Speaking of Underworld, I recently had occasion to revisit star Kate Beckinsale in Whit Stillman’s The Last Days of Disco. Amazing. Well, maybe not amazing in the “unbelievable” sense; she was back in front of Stillman’s lens for last year’s Love and Friendship, and it’s clear she hasn’t forgotten how to act. Still: five Underworld movies? Small wonder that Goodfellas director Martin Scorsese says cinema is gone.

Movie

Train To Busan <em>(Bu-San-Haeng)</em> ***

thumbnail

A self-centered fund manager (Yoo Gong) learns what it takes to be a good father during a South Korean zombie outbreak in this terrific, mostly trainbound thriller. It starts, unsurprisingly, with getting over that “self-centered” bit and paying attention: to your kid, to your mom, to your fellow passengers — really, to anything and everything beyond the bottom line. If only all morality tales and class-struggle allegories could be this bloody and moving (in every sense) — just try not to chuckle when the zombie virus animates its first victim (a deer run over by a pig farmer who is having the worst day ever), not to seethe when the bastards start trampling the innocent, not to cringe when the undead claim beloved characters, and not to tear up at the increasingly frequent moments of heroic sacrifice. Director Yeon Sang-ho makes smart use of the cramped quarters, and while it’s true that his zombies’ abilities tend to vary according to the requirements of the moment, it’s easy to overlook amid the onslaught of action and emotion.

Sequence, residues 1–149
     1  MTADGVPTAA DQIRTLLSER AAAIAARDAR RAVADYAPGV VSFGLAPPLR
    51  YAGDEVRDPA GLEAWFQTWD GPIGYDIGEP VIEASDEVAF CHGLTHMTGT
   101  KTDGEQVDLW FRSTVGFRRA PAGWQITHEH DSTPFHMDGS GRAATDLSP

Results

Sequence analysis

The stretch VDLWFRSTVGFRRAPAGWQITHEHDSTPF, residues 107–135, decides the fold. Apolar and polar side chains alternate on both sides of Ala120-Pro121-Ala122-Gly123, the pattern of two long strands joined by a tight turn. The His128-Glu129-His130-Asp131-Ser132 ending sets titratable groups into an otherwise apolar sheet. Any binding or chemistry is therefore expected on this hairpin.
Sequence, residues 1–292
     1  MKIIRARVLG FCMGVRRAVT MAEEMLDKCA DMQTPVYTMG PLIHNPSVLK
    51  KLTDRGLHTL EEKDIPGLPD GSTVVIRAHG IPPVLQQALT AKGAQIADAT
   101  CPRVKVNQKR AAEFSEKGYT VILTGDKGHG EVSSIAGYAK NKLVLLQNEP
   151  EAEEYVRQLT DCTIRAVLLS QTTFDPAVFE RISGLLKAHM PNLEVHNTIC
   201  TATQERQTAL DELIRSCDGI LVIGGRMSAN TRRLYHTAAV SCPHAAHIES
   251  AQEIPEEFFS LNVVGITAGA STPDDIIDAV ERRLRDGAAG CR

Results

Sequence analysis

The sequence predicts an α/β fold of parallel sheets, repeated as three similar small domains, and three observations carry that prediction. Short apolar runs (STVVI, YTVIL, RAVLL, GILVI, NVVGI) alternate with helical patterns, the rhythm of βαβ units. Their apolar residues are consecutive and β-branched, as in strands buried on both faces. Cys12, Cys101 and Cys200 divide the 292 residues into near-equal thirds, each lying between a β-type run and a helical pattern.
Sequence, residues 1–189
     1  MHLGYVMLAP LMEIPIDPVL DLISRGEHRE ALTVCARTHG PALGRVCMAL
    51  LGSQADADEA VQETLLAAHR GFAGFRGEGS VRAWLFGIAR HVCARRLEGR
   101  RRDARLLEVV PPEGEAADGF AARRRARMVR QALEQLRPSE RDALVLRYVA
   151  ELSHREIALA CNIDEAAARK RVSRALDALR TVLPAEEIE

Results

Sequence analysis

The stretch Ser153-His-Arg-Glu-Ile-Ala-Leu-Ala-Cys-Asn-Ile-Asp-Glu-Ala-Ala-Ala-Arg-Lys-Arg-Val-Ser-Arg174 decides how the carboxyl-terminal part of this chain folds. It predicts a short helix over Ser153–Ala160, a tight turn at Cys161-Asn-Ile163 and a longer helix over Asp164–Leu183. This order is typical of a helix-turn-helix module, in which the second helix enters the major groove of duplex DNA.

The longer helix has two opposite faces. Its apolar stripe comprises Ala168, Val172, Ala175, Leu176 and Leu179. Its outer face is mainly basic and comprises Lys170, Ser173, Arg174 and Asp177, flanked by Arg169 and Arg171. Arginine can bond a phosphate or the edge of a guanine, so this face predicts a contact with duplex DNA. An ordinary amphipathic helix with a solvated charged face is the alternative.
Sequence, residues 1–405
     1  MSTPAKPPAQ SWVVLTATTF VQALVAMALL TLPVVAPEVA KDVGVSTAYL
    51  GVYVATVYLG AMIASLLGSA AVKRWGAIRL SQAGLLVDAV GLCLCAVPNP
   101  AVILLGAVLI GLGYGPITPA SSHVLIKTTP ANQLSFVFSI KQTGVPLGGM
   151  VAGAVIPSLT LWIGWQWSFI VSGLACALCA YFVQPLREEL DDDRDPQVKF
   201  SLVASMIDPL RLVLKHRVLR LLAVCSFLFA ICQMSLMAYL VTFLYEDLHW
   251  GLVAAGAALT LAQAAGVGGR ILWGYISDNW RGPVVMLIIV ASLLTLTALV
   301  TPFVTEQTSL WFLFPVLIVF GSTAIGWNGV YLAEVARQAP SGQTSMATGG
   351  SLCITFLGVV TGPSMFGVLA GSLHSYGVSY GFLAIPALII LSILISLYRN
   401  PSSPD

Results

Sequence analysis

Find showtimes

Not that he’s doing much to keep it going, not with his long-delayed passion project Silence, anyway. A young priest’s crisis of faith in the midst of horrific suffering and tangled social circumstances should be catnip for me, but...well, I’ll let Scott’s review suffice. Hmph.

Movie

Cameraperson ***

thumbnail

At the outset, cinematographer Kirsten Johnson asks us to consider this collection of footage she shot for various documentaries as her memoir, because while only a few actually depict her personal life (as mother to twins and as daughter of an Alzheimer’s sufferer), she says that “these are the images that have marked me and leave me wondering still.” (It is not difficult to see why, but in case you need help, there’s a scene wherein a woman who counsels victims of a mass rape in Serbia wonders, “How do we free ourselves of these stories?”) Johnson’s camera works hard to bear witness to the struggling world — an aspiring boxer, a busy Nigerian midwife, an Alabama single mother seeking an abortion, a Muslim family in the aftermath of ethnic cleansing, and more. But it works almost as hard to find life amid the death and love amid the ruins, to understand what makes the struggle worthwhile. Put briefly, she earns her juxtapositions of wildflowers and barbed wire. By the end, it’s clear that the arrangement of scenes has been thoroughly artful, and that Johnson is quite justified in her initial request.

Find showtimes

What does it say when Scott prefers a period biopic such as Hidden Figures to the master’s latest? (At the very least, maybe it says that he’s not quite the “ignorant, obviously racist...troll” that at least one of Moonlight’s passionate defenders accuses him of being (see the comments). Hmph!)

As for me, I found all my New Year’s cheer at the Digital Gym, first with the genre excellence of the zombie drama Train to Busan, then with the genre-busting innovation of the memoir-in-documentary-film-clips Cameraperson. Score another one for women in cinema. On the wide-release front, A Monster Calls was a hot psychological mess full of good intentions and grim execution. Pretty visuals, though, the monster excepted.